- A culture magazine reaching terminal verbosity -

Kendrick Lamar's 'Damn.' Embraces the Complexity and Talent of the Man Behind It

Music ReviewAndy TabelingComment

Perhaps the most cinematic and high-concept rapper in the world right now, for Kendrick Lamar to release a record nearly free of skits, interludes, or interviews with deceased rappers seemed impossible after two major label albums that redefined the limits of what’s expected and acceptable for a mainstream rap record to feel and sound like. While the feature-length follow up to modern classic To Pimp a Butterfly begins with a spoken word track detailing the rapper’s supposed death, Damn. feels mostly like other rap records released in the past few years in terms of thematic material, structure and style. What makes the album special is it just happens to be one of the most talented, interesting and considered rappers in the world making it.

Much was made of the influence of the history of black music on To Pimp a Butterfly as that album was defined by Thundercat’s six-string bass and Robert Glasper’s keys as much as Kendrick's world-class lyricism, but Damn.’s first full-length track “DNA.” doesn’t veer too far from his Los Angeles roots, as producer Mike Will Made It puts on his best G funk impression with one of the albums most inspired beats. That track to some extent misleads the listener of what to expect from the rest of the record. Many of the album’s tracks are more muted than “DNA.," as it and lead single “HUMBLE” create some moments of tremendous energy and force.

The inclusion of a red-hot producer like Mike Will Made It is telling of Damn.’s sonic touchstones. Producers of the highest class are everywhere on this record, as TBAB’s Terrence Martin returns as well as Adele producer Greg Kurstin both supplement familiar faces like longtime collaborator Sounwave. Damn. uses an fusion of styles familiar to Kendrick Lamar already while exploring the world of rap trends. Given the album’s preoccupation with Lamar proving his prowess over others in the rap world, Kendrick’s melodic bars on the hooky and effective “LOVE.” seem a direct challenge to others doing a similar thing (read: Drake) to step their game up. On a track like “LOVE.," which wears its melodicism and sweet simplicity on its sleeve, Damn. deserves credit for embracing pop structure and simplicity without sacrificing Lamar’s core. A brief breezy “YAH.” fits incredibly well in the context of the album, as the pop moments are spread out well enough that they never feel like grabs for radio attention.

In other places, the album would have perhaps done better avoiding embracing modern trends that don’t suit Kendrick’s lyricism and storytelling abilities particularly well. Monster single “HUMBLE.” seems to ape sounds and styles present in the south. Considering Kendrick’s strength as a storyteller and songwriter, the simple brag-rap and repetitive flow rob us a lot of what makes Kendrick unique. Considering “HUMBLE.” was the lead single from this album, it’s a pretty strong step down from a “King Kunta," “Alright,” or “Swimming Pools."

The album doesn’t entirely sound like a pop-rap record, as some of Kendrick’s stylistic touchstones and experimental tendencies leak into Damn., producing again stunning results. Thundercat’s bass returns on “Feel” as Kendrick creates some of his considered and well-constructed verses in years, mostly abandoning storytelling for a nonlinear, near stream-of-conscious collection of musings on faith, family, and fame.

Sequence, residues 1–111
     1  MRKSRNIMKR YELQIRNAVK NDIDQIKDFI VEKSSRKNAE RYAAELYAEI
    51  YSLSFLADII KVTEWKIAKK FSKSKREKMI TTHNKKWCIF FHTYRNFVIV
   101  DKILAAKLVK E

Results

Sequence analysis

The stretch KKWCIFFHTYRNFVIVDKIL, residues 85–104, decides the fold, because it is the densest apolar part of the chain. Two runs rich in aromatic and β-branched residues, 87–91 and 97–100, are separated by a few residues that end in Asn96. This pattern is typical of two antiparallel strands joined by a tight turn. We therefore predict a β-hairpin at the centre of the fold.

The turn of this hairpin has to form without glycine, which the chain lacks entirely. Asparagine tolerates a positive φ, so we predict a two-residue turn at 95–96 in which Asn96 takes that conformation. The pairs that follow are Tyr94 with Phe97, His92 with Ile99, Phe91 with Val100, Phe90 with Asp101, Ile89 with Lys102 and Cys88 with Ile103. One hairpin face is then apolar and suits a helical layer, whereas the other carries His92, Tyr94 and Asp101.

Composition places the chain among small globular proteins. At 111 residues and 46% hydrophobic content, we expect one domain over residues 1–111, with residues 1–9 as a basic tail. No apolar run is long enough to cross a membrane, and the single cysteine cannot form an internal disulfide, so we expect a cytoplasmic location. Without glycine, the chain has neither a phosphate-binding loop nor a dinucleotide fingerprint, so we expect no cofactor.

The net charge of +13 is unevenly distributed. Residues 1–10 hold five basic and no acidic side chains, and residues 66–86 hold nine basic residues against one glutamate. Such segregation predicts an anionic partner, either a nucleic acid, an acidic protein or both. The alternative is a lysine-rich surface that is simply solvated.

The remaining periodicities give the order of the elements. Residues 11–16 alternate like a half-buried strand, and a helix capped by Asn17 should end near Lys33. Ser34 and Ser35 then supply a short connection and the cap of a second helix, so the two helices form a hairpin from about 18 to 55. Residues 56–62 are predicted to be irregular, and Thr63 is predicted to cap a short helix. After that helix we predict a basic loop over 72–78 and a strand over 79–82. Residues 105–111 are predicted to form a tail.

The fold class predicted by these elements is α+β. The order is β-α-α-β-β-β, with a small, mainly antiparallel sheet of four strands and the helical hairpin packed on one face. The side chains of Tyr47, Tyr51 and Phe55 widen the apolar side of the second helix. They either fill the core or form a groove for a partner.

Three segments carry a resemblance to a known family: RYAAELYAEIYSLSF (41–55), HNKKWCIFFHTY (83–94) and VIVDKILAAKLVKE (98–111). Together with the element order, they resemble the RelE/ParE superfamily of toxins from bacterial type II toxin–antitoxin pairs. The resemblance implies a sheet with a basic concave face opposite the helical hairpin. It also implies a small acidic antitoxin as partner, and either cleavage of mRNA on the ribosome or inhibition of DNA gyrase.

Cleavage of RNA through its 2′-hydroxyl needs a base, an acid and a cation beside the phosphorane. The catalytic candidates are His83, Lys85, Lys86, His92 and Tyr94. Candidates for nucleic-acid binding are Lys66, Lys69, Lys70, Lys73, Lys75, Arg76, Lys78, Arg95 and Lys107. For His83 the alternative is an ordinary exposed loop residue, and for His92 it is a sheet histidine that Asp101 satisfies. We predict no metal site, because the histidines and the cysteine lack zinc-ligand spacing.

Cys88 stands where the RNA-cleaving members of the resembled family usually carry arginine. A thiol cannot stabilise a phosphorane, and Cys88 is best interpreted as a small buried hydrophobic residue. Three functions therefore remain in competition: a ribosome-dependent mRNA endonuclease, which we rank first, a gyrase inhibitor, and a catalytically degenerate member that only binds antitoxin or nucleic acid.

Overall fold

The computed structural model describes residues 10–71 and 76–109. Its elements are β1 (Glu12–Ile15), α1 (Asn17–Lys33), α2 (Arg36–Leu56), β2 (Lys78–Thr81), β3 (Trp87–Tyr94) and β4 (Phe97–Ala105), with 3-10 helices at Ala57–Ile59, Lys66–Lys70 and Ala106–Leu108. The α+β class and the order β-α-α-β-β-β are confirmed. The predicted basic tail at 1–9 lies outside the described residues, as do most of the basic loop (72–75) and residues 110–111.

The one-two punch of the playful accessibility of “LOVE.” and the dense, hard-edged “XXX.” is telling of the album’s deliberate structure. The schizophrenic back and forth between calm and ferocity, tension and release, point to an artist deeply concerned the full-length listening experience. Even though the album isn’t broken up with interludes featuring Kendrick's father demanding Dominos pizza, the album’s structure lends itself well to its thematic considerations. The staggering and complex “XXX.” follows “LOVE.,” featuring three distinct sections that showcase some of Kendrick's most powerful lyricism (Kendrick has a remarkable ability to make frequently revisited topics feel fresh at every mention), and some of Damn.’s most ambitious production. The kinetic siren-fueled second section contrasted with the glum, Bono-sung third section is one of Damn.’s finest moments.

Damn. will most likely be remembered as Kendrick’s most spiritual album. Biblical references pepper his musings on success and recognition, and one of the few spoken-word moments is from his cousin Carl musing on God, the Israelites and the plights and struggles of Black America. Along with those religious themes, the tension between spiritual humility and rap excess worms its way into the album in interesting and fresh ways. The modestly produced “PRIDE.” precedes the audacious and swaggering “HUMBLE." While none of this is necessarily new ground for the artist or the genre, because Kendrick is such a clever lyricist, and the songs are either interesting or plain fun, the album never feels repetitive. Considering many of the big picture lyrical themes are present across Kendrick’s discography, Damn. manages to engage to a remarkable degree.

One could consider Damn. as a simpler foil to Kendrick's two major label full-length gems, though a closer listen and examination of the artistry at hand should keep even the most demanding listener appeased with an artist growing to occupy a unique space of accessibility and experimentation, ambition and pop satisfaction. While it doesn’t always reach the heights of the TBAP tracks like “Wesley’s Theory” or “Mortal Man," Damn. is at its best a breathtaking pop-rap record never content with one theme or idea, embracing instead the complexity and talent of the man behind it.